Home > Articles > Software Development & Management > Agile

Interview with Ron Jeffries, Ann Anderson, and Chet Hendrickson

Extreme programming (XP) is becoming a very popular model for building applications. In this interview, XP experts Ron Jeffries, Ann Anderson, and Chet Hendrickson explain how the principles of XP can apply to more than just programming.
Like this article? We recommend

Like this article? We recommend

Question: Why did you decide to try extreme programming (XP) on a real project?

Chet: We chose to do XP because we had failed miserably using a more mainstream OOA/OOD approach and we had nothing to lose. We brought Kent Beck in to help [with] performance tuning and he found a zombie project; it was dead, but didn't know it. XP gave us a way to get back on track and to demonstrate to our customers and our management that we were staying on track.

Ann: I don't think I decided to use XP on a real project. I had heard about what the C3 (Chrysler Comprehensive Compensation) team was doing, and I tried to convince the manager of the project I was working on to try some of the things they were doing. All I really wanted to do was automated testing. My manager told me automated testing was too expensive, and we didn't have time for it. I think that was when I decided I would really rather work on a different project. Eventually, I joined the C3 team.

Now, when I think about joining a project, the method they use is one of the things I consider. I have worked on failing projects and I have no desire to repeat the experience. I think XP can help make projects successful, so I prefer to work on projects using XP.

Ron: I had had a bit of grounding in Kent Beck's practices through a tutorial I took from him and some subsequent email. They resonated with my own beliefs, and made sense. Little did I know at that time how extreme, and how powerful, his ideas were.

Question: How do you "install" XP in an organization?

Chet: There are two basic ways to install XP. On the C3 project, the developers, the customers, and all of our management bought into the process, so we took the practices on faith until we saw that it all did work. The other way is to slowly introduce the practices one at a time until the project is doing everything. I would recommend starting with testing, continuous integration, and the planning game.

Ann: The short answer is, buy our book—it gives you all of the details. A longer answer is that there are two ways to install XP in a project. One approach is subversive—don't ask management for permission, just start doing the practices. The second approach is to have permission and support from both management and the development team—and then start doing the practices. I have no way of knowing which approach would work best for you or your company.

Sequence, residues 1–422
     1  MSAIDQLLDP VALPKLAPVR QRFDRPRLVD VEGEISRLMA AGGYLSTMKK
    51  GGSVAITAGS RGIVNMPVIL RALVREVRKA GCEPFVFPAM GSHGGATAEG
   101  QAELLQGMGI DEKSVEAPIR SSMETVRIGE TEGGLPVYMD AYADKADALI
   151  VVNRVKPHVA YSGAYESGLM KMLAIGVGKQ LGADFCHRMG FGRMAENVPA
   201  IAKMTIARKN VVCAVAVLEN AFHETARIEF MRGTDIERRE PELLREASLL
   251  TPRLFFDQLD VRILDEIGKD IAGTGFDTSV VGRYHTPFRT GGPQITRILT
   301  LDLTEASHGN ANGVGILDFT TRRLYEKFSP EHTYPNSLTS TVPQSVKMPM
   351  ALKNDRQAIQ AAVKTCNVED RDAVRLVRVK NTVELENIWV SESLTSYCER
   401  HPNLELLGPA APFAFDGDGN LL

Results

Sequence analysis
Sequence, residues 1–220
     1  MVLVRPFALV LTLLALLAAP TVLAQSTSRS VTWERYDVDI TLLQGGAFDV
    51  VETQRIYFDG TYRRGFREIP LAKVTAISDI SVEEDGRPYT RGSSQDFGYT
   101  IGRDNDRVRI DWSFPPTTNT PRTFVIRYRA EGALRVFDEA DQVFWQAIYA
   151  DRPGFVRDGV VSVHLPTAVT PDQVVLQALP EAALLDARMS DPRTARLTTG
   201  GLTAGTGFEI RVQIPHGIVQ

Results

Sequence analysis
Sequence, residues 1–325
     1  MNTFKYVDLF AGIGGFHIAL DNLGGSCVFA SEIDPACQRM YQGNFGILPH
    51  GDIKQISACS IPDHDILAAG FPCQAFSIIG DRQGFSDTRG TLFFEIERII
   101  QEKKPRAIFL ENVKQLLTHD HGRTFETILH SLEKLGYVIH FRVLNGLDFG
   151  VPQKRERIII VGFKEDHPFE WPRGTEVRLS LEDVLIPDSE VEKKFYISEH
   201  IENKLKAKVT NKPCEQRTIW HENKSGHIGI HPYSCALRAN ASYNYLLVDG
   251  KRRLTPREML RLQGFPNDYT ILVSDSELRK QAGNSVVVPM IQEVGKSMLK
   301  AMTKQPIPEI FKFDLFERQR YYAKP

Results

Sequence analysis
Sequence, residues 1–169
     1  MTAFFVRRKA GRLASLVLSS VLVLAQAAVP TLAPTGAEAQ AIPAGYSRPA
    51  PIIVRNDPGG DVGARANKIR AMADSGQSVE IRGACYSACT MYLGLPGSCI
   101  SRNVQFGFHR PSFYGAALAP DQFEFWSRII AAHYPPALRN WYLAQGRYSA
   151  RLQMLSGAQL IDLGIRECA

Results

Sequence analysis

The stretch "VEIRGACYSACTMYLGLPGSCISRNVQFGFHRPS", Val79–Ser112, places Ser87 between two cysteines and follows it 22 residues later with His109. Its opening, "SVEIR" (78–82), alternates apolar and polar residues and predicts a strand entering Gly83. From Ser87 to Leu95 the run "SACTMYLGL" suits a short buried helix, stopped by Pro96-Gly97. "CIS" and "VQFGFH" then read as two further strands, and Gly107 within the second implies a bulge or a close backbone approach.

Ron: For a group to go "full XP," the desire has to be there. If there is resistance to any process, the process won't take. Once you have the commitment, there is another choice to make: Will you try to do all the practices at once, or will you start with whichever one will give the biggest benefit (or with your biggest problem) and add them in sequentially? I enjoy working with teams that want to do it all. It's not disruptive, and the learning goes quickly. The team gets benefits from all the practices, even early on.

Question: Why is XP so popular around the world?

Chet: Mostly because it works.

Ann: XP is popular because it gives people hope. By following the practices of XP, they can make their projects successful. Too many software projects fail—and the emotional and financial cost of those failures is huge. The message of our book is that it doesn't have to be that way.

Ron: I think it appeals to programmers who feel there must be a way to strip away the heavy processes and get to the essence of providing software that people actually want. It appeals to customers and managers who are looking for a way to have a sense of control over their projects, and who are looking for a better way to get what they need.

Question: Why did you decide to write a book on XP?

Chet: Kent's book had just come out and we saw the need for a more detailed look at how you bring XP into an organization—and we couldn't think of anyone with more experience at doing XP on a daily basis than us.